This book tells the fascinating history of the life of Shogun Tokugawa Ieyasu — Japan's most famous Shogun. Since its initial appearance, A.L.Sadler's imposing biography of the Japanese Shogun Tokugawa Ieyasu has been recognized as an outstanding contribution to the knowledge of Japanese history. It is also considered the standard reference work on the period that saw the entrenchment of feudalism in Japan and the opening of some two and a half centuries of rigid isolation from the rest of the world. In the course of Japanese history there have been five great military leaders who by common consent stand out above the others of their type. Of these, two lived in the twelfth century, while ...

The Shogun's Daughter
  • Language: en
  • Pages: 336

The Shogun's Daughter

Japan, 1704. In an elegant mansion a young woman named Tsuruhime lies on her deathbed, attended by her nurse. Smallpox pustules cover her face. Incense burns, to banish the evil spirits of disease. After Tsuruhime takes her last breath, the old woman watching from the doorway says, "Who's going to tell the Shogun his daughter is dead?" The death of the Shogun's daughter has immediate consequences on his regime. There will be no grandchild to leave the kingdom. Faced with his own mortality and beset by troubles caused by the recent earthquake, he names as his heir Yoshisato, the seventeen-year-old son he only recently discovered was his. Until five months ago, Yoshisato was raised as the ille...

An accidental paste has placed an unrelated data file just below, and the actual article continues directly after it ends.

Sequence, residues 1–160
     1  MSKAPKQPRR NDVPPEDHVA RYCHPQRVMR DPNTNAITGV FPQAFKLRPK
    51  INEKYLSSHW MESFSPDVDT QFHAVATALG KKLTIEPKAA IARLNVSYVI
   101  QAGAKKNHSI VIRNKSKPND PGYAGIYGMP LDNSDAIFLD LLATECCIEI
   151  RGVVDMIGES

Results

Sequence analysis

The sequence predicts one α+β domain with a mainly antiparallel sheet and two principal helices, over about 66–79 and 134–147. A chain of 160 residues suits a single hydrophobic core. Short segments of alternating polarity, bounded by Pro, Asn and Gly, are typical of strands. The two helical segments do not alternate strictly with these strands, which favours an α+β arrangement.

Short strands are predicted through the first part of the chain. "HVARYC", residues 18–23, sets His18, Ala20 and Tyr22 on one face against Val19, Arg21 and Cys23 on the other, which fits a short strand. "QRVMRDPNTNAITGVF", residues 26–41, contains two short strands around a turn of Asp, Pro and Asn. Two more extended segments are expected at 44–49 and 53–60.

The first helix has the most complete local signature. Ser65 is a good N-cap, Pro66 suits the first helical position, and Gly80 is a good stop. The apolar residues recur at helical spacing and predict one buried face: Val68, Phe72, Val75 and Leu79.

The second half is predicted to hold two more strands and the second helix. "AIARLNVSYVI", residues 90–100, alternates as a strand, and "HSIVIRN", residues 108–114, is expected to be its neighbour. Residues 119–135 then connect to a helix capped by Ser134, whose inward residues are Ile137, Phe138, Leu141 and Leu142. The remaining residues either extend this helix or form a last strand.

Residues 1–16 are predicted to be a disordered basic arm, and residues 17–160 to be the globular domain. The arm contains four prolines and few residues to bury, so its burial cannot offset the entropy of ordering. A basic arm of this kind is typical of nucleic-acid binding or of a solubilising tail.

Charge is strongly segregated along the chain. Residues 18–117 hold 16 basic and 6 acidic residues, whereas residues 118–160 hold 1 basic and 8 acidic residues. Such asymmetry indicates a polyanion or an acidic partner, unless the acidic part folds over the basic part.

Shoguns City
  • Language: en
  • Pages: 256

Shoguns City

  • Type: Book
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  • Published: 2013-01-11
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  • Publisher: Routledge

First Published in 1995. Routledge is an imprint of Taylor & Francis, an informa company.

Shogun's Painted Culture
  • Language: en
  • Pages: 312

Shogun's Painted Culture

  • Categories: Art

In this penetrating analysis of a little-explored area of Japanese cultural history, Timon Screech reassesses the career of the chief minister Matsudaira Sadanobu, who played a key role in defining what we think of as Japanese culture today. Aware of how visual representations could support or undermine regimes, Sadanobu promoted painting to advance his own political aims and improve the shogunate's image. As an antidote to the hedonistic ukiyo-e, or floating world, tradition, which he opposed, Sadanobu supported attempts to construct a new approach to painting modern life. At the same time, he sought to revive historical and literary painting, favouring such artists as the flamboyant, innov...

Shogun Iemitsu
  • Language: en
  • Pages: 368

Shogun Iemitsu

  • Type: Book
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  • Published: 2009-10-21
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  • Publisher: iUniverse

Rising from the fragrant, soothing water, Hideo allowed the liquid to stream down his face. His long hair trailed down his well-muscled neck in a satisfying weighty mass. Wiping his eyes and completely relaxed, Hideo looked first at the swords on the stand nearest him and then fell into a reverie. His earliest childhood memory was not of his beloved mother but of his father’s swords. The ritual was invariable. Before his father would kiss his mother, before his father would greet or dandle him, the man who had had the courage and audacity to marry the daughter of one of the Dictator Oda’s concubines removed his sandals with great care and walked to the black lacquer, double sword stand a...